LATE JURASSIC ROCKS OF THE COLORADO PLATEAU AS DEPOSITIONAL AND DIAGENETIC ANALOGS TO GALE CRATER, MARS
Five primary lithofacies are present in both the Colorado Plateau and the Mars rocks: silt-/claystone, sandstone, and conglomerate, sulfates and carbonates. Both terrestrial and martian silt-/claystone lithofacies are interpreted as lacustrine depositional environments due to parallel laminated, massive, and vuggy sedimentary structures. Fluvial features are also present in the analog units and the Gale Crater rocks such as cross-bedded sandstones and imbricated conglomerates. Both the Tidwell Member and the Wanakah Formation contain meters-thick horizons of gypsum analogous to sulfates in the rocks at Gale Crater. Additionally, gypsum veins are present in the Tidwell Member and at Gale Crater. Thin, laminated limestones are common in the Tidwell Member and the Wanakah Formation and the Brushy Basin Member hosts a 3-4m thick limestone sabkha deposit. Carbonates are also found at Gale Crater. Concretions are present in all the Colorado Plateau units and at Gale Crater.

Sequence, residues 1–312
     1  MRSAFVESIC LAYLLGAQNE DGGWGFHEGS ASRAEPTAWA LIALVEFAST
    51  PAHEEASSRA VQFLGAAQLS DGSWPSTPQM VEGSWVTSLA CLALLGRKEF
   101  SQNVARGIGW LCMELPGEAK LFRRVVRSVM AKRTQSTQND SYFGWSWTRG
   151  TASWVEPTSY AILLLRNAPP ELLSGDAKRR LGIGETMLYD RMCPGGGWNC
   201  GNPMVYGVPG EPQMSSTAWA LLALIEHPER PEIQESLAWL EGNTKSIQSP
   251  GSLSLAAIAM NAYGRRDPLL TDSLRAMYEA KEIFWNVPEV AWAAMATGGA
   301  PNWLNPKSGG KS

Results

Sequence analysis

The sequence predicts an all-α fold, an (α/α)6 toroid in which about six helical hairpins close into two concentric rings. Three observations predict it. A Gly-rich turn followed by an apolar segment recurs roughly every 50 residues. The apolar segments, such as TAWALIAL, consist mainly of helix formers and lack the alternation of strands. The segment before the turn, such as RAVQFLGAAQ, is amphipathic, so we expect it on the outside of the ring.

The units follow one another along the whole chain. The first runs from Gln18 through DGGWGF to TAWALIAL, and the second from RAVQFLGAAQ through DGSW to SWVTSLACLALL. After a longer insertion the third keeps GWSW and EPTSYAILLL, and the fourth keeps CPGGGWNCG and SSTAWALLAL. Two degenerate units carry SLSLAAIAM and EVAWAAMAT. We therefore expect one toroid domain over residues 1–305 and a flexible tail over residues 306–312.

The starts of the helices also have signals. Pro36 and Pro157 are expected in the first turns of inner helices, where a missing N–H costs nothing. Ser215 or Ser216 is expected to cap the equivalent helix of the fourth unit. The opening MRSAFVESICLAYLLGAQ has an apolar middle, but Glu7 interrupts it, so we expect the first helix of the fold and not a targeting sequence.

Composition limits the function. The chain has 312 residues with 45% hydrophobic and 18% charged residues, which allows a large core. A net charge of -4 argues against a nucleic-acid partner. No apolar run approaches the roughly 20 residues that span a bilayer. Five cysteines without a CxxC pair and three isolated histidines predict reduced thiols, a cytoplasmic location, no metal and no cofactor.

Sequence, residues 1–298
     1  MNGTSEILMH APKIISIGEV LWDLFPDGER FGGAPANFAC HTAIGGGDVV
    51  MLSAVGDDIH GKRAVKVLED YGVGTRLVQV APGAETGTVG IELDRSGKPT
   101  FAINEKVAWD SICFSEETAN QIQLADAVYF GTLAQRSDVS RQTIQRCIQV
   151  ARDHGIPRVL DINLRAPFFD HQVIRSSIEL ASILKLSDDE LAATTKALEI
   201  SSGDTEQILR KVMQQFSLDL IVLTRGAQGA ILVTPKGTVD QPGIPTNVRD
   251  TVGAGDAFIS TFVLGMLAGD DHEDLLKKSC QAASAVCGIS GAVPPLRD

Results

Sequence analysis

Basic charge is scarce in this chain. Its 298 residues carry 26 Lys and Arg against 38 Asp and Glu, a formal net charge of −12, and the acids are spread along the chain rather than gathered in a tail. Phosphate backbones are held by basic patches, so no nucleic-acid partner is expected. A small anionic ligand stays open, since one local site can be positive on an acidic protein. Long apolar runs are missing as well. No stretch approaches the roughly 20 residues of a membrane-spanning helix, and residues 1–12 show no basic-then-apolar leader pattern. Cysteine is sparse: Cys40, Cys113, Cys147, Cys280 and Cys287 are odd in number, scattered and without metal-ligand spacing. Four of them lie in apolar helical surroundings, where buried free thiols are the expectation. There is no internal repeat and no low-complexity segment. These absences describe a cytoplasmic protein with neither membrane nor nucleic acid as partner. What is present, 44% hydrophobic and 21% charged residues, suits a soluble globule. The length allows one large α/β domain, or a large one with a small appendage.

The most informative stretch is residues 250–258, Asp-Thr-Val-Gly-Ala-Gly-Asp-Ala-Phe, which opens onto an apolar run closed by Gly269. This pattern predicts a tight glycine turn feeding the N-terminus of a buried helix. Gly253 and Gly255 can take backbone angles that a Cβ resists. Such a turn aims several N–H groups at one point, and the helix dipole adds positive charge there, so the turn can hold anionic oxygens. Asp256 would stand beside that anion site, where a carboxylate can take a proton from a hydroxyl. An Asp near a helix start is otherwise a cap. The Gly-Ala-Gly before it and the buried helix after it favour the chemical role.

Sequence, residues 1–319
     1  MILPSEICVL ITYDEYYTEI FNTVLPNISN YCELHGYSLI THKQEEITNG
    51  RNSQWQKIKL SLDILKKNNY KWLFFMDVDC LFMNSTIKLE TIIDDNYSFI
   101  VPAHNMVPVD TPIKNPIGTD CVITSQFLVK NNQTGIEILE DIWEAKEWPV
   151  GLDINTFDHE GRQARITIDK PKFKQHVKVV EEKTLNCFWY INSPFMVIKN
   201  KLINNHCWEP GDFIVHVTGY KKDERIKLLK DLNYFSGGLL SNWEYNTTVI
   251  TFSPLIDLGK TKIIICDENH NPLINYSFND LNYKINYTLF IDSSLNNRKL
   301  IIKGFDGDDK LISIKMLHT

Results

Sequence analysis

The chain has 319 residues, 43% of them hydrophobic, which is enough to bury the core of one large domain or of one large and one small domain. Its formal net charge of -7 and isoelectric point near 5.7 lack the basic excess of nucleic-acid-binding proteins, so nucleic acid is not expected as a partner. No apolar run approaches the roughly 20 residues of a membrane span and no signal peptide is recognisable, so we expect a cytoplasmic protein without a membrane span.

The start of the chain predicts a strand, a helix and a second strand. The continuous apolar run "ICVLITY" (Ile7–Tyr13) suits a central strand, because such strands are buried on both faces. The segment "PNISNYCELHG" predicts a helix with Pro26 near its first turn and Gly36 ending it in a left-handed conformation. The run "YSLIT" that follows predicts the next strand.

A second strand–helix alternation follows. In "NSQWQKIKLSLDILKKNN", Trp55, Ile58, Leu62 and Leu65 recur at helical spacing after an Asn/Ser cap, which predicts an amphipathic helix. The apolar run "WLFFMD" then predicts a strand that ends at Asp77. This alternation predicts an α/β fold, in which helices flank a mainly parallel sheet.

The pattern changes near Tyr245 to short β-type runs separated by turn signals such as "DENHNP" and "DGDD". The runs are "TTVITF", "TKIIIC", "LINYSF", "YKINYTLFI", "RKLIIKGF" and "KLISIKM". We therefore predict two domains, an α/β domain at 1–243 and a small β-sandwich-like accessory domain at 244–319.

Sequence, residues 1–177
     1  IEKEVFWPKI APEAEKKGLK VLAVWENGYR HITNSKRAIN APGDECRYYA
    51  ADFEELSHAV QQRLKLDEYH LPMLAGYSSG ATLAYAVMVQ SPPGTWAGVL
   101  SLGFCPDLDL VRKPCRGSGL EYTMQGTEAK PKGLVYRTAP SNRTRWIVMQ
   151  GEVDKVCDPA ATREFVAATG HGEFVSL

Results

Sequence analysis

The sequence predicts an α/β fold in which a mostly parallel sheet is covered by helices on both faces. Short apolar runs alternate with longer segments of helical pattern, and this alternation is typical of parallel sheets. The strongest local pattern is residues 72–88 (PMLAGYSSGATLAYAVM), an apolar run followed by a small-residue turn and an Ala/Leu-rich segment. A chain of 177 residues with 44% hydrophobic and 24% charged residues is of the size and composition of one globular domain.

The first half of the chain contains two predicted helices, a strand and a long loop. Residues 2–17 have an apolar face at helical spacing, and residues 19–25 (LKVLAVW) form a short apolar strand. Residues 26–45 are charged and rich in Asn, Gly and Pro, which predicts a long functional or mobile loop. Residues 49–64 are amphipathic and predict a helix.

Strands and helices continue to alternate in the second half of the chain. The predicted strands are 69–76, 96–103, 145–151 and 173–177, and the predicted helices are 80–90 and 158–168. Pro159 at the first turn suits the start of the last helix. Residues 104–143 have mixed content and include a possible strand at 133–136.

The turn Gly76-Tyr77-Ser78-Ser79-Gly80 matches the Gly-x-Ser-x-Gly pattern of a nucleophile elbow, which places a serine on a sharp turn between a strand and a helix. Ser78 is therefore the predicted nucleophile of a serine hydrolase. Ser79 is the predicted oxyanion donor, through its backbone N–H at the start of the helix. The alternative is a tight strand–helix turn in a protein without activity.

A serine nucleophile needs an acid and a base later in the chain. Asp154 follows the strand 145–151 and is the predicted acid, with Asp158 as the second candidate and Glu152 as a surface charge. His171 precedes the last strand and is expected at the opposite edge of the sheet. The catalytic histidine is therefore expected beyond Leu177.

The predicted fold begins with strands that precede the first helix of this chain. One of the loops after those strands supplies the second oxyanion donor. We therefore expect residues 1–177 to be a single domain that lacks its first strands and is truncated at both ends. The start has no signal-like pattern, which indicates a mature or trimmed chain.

Research on the Brushy Basin Member, the Tidwell Member and the Wanakah Formation will inform the Mars Science Laboratory mission on important scientific questions: 1. What is the depositional environment?, 2. What is the history of fluid-rock-(biota?) interactions, 3. What past chemical environments (i.e., fluid composition) existed during deposition and diagenesis?, and 4. What types of biomarkers can we expect to find?